Automotive industry still leads the way – but where is it going?

Industrial Robot

ISSN: 0143-991x

Article publication date: 1 June 2004




Young, K. (2004), "Automotive industry still leads the way – but where is it going?", Industrial Robot, Vol. 31 No. 3.



Emerald Group Publishing Limited

Copyright © 2004, Emerald Group Publishing Limited

Automotive industry still leads the way – but where is it going?

Automotive industry still leads the way – but where is it going?

Ken Young is Chairman at British Automation and Robotics Association, Warwick University Manufacturing Group, International Manufacturing Centre, University of Warwick, Coventry, CV4 7AL. Tel: 024 7652 2764; Fax: 024 7652 4307; E-mail:

Keywords: Automotive industry, Robots, Sensors

The history of the industrial robot has been linked very closely with the automotive industry. From the first installation right up until the present day, developments in robot technology have been driven by the requirements for automobile production and particularly the requirements of the body shop. Statistics show that spot welding has always been a key application for robots but in recent years, with changes in their accuracy they are increasingly being used for handling parts to static guns rather than handling guns to static parts. The benefit of this is that the robot is combining the welding task with the materials handling and also reducing the number of cables, etc., required to be routed along the robot arm. This harness has for many years been one of the major areas of failure for robot system and its reduction is a major benefit.

For many years now experts have been predicting growth in robot usage in other industry sectors. This growth, while it has undoubtedly occurred, has always been much smaller than hoped for. Industries such as pharmaceuticals, food, aerospace and plastics are undoubtedly using robots, but the volumes in which they take them are far lower than the automotive industry and therefore, little development is driven in their direction.

Given that the automotive industry is driving development the question is what is it that they now require from robots? Already robots are available that can handle a complete car body. They can work to resolutions well inside those required for car building and we are starting to see them using sensors to adjust to variations in individual car bodies.

Many instances exist of laser stripes being used to measure bodies prior to tasks being performed on them. Tasks such as glazing and application of adhesives to narrow flanges or gaps are currently possible and already the possibilities of using these sensors to reduce the amount of tooling required are being discussed seriously. As often happens with sensor technology it is applied to do a job that is not possible in any other way and then once it is there, it is realised that it can be used for other things to give much greater benefit.

Machine vision systems are also being used to identify parts, locate features accurately and also perform in-process gauging and inspection. These technologies which were seen as too complicated, expensive and unreliable, 5 years back are at present cheap, simple, reliable and small enough not to give access issues. Much of this comes from the availability of electronics from video cameras etc., which are currently made in huge numbers and have forced the prices down and the electronic integration levels and hence, reliability up.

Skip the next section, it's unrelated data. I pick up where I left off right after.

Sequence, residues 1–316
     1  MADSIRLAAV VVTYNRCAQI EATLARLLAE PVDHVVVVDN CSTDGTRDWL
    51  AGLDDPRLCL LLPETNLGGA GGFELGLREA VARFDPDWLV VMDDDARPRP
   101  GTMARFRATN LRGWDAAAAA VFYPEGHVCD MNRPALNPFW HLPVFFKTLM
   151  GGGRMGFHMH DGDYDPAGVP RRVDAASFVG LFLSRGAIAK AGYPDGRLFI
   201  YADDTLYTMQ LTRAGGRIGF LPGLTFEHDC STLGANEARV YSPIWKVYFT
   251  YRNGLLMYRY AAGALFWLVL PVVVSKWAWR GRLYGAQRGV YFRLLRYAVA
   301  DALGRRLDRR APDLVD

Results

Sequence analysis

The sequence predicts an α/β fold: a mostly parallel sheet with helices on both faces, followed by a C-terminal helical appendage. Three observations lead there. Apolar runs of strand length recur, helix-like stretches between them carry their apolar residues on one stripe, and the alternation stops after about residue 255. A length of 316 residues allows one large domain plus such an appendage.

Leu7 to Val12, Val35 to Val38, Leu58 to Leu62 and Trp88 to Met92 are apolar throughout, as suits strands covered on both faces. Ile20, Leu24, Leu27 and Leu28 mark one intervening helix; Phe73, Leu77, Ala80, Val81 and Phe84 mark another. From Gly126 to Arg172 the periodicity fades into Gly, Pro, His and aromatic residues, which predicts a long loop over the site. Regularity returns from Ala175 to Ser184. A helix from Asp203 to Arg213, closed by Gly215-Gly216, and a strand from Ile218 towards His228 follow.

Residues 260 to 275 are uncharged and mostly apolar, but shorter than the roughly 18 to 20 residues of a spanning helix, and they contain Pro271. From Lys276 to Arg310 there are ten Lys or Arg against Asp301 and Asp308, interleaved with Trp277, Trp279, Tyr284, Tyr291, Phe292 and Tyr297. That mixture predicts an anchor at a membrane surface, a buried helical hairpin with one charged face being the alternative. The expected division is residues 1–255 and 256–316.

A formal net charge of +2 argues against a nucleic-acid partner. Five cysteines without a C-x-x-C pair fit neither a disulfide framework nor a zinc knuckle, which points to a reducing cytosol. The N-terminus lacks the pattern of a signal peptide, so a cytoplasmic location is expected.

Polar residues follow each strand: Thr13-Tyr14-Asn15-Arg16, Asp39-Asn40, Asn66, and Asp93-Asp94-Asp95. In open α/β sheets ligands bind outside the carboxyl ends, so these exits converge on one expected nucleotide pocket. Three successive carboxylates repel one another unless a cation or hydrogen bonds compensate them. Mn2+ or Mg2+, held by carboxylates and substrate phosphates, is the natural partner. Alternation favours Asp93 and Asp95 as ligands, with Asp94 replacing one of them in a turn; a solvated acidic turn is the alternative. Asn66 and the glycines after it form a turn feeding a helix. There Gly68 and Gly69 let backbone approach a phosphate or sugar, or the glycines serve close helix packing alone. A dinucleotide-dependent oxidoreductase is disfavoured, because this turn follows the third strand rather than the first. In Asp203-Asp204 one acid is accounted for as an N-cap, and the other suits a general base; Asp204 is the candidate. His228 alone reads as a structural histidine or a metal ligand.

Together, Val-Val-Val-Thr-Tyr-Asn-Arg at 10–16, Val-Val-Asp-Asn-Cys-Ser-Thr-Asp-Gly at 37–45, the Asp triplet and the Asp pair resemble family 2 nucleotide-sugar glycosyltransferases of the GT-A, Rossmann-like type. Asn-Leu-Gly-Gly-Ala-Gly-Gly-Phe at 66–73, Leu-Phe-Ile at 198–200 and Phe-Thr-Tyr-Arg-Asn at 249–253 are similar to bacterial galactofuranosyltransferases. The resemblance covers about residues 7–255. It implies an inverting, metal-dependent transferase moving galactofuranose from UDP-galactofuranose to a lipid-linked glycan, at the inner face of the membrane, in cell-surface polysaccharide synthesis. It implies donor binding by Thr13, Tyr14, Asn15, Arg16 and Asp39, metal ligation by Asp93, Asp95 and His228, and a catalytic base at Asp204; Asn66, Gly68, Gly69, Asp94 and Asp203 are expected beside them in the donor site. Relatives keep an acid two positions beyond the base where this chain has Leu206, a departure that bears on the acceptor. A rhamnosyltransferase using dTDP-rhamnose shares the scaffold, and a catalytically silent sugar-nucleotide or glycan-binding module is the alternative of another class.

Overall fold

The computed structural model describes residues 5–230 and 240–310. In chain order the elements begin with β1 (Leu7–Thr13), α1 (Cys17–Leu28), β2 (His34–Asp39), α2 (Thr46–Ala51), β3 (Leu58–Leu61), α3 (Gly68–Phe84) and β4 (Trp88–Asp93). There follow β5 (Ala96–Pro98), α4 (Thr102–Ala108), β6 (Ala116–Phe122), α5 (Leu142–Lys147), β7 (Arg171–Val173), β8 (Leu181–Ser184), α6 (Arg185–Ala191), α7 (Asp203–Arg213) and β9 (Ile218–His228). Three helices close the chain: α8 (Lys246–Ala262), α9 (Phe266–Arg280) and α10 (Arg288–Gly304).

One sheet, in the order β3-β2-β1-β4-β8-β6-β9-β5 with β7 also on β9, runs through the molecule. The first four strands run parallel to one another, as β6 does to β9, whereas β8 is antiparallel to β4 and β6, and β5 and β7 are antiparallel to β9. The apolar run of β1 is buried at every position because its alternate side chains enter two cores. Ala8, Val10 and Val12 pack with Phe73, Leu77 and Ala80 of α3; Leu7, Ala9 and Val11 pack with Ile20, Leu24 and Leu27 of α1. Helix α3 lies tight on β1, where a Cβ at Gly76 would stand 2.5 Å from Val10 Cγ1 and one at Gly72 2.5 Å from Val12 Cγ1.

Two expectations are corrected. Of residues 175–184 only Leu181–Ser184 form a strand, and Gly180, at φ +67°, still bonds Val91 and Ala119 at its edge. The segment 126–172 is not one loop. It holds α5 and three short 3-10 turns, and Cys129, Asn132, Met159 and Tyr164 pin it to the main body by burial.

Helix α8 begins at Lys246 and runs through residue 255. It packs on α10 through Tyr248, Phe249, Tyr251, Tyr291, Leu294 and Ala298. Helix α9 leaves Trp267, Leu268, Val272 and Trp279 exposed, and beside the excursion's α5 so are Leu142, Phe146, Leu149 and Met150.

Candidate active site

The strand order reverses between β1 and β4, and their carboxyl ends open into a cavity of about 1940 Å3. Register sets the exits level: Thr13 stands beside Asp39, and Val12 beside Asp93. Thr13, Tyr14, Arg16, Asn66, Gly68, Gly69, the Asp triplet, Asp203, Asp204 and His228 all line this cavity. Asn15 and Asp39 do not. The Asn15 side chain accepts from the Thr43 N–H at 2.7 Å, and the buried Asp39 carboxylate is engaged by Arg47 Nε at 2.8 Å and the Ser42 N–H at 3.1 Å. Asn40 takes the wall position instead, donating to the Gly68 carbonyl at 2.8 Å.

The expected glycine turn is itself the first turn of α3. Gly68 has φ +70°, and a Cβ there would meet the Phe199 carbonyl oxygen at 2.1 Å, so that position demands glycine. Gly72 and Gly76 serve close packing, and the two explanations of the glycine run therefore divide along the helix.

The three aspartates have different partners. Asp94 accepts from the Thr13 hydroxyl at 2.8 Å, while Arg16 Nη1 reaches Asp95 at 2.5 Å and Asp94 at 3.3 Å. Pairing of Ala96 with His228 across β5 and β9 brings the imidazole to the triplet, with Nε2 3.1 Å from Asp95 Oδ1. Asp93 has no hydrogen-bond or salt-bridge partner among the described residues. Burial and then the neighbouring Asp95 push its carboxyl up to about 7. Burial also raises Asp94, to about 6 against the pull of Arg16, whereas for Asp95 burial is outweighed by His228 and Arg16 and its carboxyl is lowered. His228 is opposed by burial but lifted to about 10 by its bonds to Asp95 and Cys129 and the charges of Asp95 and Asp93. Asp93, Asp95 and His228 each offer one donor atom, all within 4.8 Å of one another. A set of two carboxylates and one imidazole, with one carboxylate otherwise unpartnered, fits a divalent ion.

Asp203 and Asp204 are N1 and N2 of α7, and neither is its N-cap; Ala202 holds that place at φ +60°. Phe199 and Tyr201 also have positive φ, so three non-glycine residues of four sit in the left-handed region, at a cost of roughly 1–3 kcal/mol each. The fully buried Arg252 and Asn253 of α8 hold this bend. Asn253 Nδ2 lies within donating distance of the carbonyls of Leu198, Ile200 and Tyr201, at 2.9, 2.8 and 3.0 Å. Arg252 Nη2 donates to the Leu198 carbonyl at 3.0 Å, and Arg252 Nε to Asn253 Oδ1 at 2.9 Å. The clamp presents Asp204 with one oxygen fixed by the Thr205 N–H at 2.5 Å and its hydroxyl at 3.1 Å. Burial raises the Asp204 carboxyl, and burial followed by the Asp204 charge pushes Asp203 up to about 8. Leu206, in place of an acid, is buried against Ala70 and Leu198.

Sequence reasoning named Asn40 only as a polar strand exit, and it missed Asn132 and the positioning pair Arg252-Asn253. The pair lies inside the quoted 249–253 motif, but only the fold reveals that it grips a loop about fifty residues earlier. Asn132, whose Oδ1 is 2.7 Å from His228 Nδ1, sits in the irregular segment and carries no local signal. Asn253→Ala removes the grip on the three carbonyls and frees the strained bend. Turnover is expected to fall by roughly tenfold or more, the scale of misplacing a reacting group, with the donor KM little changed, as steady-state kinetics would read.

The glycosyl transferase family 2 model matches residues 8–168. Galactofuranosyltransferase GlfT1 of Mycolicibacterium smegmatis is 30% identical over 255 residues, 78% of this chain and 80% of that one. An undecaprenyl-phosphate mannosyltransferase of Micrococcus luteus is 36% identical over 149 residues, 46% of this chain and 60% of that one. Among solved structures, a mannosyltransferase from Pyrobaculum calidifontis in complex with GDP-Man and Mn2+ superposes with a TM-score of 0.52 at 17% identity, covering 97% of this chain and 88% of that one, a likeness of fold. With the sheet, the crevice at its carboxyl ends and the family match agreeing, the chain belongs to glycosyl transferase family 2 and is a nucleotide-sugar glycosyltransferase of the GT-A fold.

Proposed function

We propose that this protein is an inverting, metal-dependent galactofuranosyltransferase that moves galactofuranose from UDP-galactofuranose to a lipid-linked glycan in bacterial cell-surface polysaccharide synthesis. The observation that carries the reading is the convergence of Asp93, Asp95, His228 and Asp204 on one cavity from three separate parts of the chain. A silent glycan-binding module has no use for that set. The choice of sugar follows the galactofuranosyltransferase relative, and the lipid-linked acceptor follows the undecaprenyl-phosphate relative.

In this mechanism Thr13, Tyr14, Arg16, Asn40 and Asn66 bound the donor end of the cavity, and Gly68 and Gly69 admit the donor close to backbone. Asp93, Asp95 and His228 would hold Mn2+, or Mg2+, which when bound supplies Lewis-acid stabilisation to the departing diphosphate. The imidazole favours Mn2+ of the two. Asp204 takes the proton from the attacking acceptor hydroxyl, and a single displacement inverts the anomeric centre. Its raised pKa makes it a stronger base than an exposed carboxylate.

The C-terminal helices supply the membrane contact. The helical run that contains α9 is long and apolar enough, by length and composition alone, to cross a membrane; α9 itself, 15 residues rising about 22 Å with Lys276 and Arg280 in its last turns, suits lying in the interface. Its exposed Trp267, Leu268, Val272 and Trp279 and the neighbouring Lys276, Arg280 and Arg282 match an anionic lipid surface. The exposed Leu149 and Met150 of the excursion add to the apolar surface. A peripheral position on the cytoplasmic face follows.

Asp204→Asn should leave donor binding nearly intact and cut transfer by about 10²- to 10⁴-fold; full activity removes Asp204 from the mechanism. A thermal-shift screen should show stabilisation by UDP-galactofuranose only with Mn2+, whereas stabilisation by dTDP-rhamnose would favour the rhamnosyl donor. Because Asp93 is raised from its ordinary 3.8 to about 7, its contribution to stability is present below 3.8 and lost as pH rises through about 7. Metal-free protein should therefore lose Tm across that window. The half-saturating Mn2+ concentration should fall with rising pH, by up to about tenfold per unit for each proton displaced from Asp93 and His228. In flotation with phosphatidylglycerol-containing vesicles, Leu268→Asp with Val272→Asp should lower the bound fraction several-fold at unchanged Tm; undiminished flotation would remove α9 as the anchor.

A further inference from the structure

Communications have long been an issue and the use of PC based controllers and Ethernet has proved to be a mixed blessing with many advantages, but also some disadvantages in terms of viruses and security issues. These should be resolved in the next few years and have forced control engineers and IT people to talk to each other. The topic of communications networks is far from dead however, with many different opinions as to what the best way forward is. I still favour the use of Ethernet-IP at high level along with a sensor level network such as DeviceNet for low level control. Integration of robot controllers with these is still not as simple as it should be although there are signs of improving, as large automotive systems are demanding it.

Advances are also being made on the process equipment attached to robots. Servo controlled spot weld guns give much better control of the gun closing. This can lead to cycle timesavings and also reduce tip damage. Systems are starting to emerge that also allow monitoring and controlling of gun tip gap and clamp force during the weld. This will lead to far better control of the welding process which will help tremendously with welding difficult materials. The ability to monitor the size of the weld pool using ultrasonics during the weld is also an opening window of opportunity for advanced weld control.

In conclusion, the automotive industry is still crucial to the development of industrial robots and developments are occurring at a rapid pace. This development is currently centred on sensory capabilities and communications, not only for the robots but also for the process equipment used by the robots. Expect to see the way that robots are used continuing to change with a decreased reliance on tooling, and systems becoming much more flexible and adaptable. Eventually, I expect to see an increase in the reuse of robots but while the technology keeps changing at its current pace this is unlikely to happen. When it does, it will allow robots to go into application areas where they have never been economic and it will also force the robot vendors to go into more novel and risky application areas which to date, they have managed to ignore. Who knows, some of the new industries may even allow vendors to make reasonable profit selling robots, something that the automotive industry has managed to avoid for a long time.

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